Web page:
Such exhortations make no sense if nothing in the believer can respond to sin anyway, if nothing remains of the old Adam.

In chapter 7, Paul goes on to talk about the 3rd step in his anthropology: emancipation.
The believer is freed from the law, and the condemnation it brought. His marriage illustration of a wife who is widowed, but then marries another shows that the believer is like one who has died. The former relationship is severed. The way, says Paul, to bear fruit for God is to recognize that it cannot come by the law. Indeed, in 6:14 he has said that the reason the Romans need not continue under the mastery of sin is because they are not under the law, but under grace. Those who do not reckon upon this, who do not realize the freedom from the law they have, will not enter into the freedom Christ’s death has brought. The law brings wrath, and the law actually aroused sin in Paul.

The rest of the New Testament confirms, through multiple exhortations, that believers should strive after holiness, but the corollary is that indulging the flesh is possible. Later in the epistle, Paul will say “But put on the Lord Jesus Christ, and make no provision for the flesh.” Why urge no provision, if there is no flesh to be provided for?
In the Ephesian epistle, he writes

“Now this I say and testify in the Lord, that you must no longer walk as the Gentiles do, in the futility of their minds.” 4:17

If there is only a new nature, and nothing of the old, how would it be possible for them to walk as they formerly did?
Later in this same chapter, he writes:

“assuming that you have heard about him and were taught in him, as the truth is in Jesus, to put off your old self, which belongs to your former manner of life and is corrupt through deceitful desires, and to be renewed in the spirit of your minds, and to put on the new self.” 4:21-23.

If the old self is utterly gone, why does Paul urge them to put it off?

The rest of the chapter is filled with exhortations to the Ephesians for them to walk in a way that accords with the new man—but it assumes the presence of the old man also. If not, then exhortation becomes superfluous.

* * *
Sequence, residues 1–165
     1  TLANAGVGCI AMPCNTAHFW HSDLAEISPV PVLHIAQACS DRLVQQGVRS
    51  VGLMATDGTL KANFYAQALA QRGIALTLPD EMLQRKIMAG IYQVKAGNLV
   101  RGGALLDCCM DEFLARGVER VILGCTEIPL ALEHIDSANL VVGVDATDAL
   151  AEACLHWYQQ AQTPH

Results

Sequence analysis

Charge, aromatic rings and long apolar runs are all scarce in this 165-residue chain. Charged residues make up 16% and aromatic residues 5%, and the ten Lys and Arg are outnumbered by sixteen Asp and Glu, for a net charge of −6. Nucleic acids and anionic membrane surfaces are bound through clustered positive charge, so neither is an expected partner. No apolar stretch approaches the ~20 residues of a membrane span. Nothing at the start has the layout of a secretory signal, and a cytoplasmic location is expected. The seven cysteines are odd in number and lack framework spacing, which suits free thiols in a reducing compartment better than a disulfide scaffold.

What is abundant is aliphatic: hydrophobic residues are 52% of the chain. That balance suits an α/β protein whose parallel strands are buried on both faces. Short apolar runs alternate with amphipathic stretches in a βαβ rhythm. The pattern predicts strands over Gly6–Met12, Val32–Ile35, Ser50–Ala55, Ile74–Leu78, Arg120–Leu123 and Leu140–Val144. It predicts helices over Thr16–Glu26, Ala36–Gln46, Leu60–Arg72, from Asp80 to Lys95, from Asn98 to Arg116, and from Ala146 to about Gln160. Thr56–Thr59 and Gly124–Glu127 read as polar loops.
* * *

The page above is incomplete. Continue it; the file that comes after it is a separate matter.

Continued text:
A Distinction Without a Difference.

I believe that those who hold that the believer has no old nature whatsoever, are in fact saying the same thing as those who do believe Scripture teaches the believer does. That is, there are few people who would say that a Christian is now sinless, that there is nothing in him to respond to sin. They may call it something different, but it is the same thing. Some have referred to old habits or patterns of who we were before salvation, but this is just using different words for “old nature.”  For the rare person who would insist the believer becomes sinless upon being born again, both human experience and the witness of Scripture testify against such an idea. When John writes that if we say we have no sin, we lie and do not the truth, the underlying assumption is that there is a need for forgiveness, for an advocate at God’s right hand—because we do sin, and we are not yet what we one day will be in glory!

I have interacted with those who teach this doctrine, and when I ask whether they believe the Christian is without sin, the answer is no. Of course our walk is not perfect, of course we grow in our faith. Once again, if there is room for the mortification of sin within us, if there is the possibility of grieving the Holy Spirit, as Paul says, then it means we are not yet perfect. Call it what you wish, you may choose to not call it the flesh or the old man, or the old nature, but unless you believe sin is completely eradicated from the Christian, you believe as I do, and as Scripture teaches: the Christian is not yet entirely holy in life.

A belief that the Christian has no old nature, nothing of Adam left is an over-realized eschatology. It is the view that the kingdom of God in its fulness and plenitude has arrived here and now, and there is nothing that remains. The presence of sin in the world, the roaring lion that Satan is, the world, the flesh, and the devil all demonstrate that this is not so.

Embracing such an over-realized eschatology will do nothing to conquer sin in practice, or to produce fruit for God. The way to change my condition, is by continually going back to my position in Christ, to dwell on the accomplishments of the cross, and yes, as Paul says, “reckon yourselves to be dead to sin, but alive to God.”

A Gospel Contrary: The Danger of Grace Plus Law

If we say we are not saved by keeping the law, but once saved, we must obey it, we have fallen from grace.

Paul’s letter to the Galatians is one of his most polemical, perhaps the most forceful of any. One of the prime things Paul aims to do is dispel the idea that Christians retain any obligation to the law of Moses. In the first chapter, Paul expresses his astonishment at the desertion of the Galatian believers, not just from the message he preached to them, but from God himself. These are the stark terms he uses to summarize the problem. “I am astonished that you are so quickly deserting him who called you in the grace of Christ. The gospel of salvation by Christ alone, apart from any deeds of the law, is the gospel Paul received by revelation of God himself, and which he preached.
Paul’s opponents are largely assumed, because reading Galatians is a bit like hearing one side of a phone conversation. We have to infer what the other person said. But the agitators (as they are usually called) come through at various points by the way Paul answers.

By works of the law, no one will be justified. (2:16)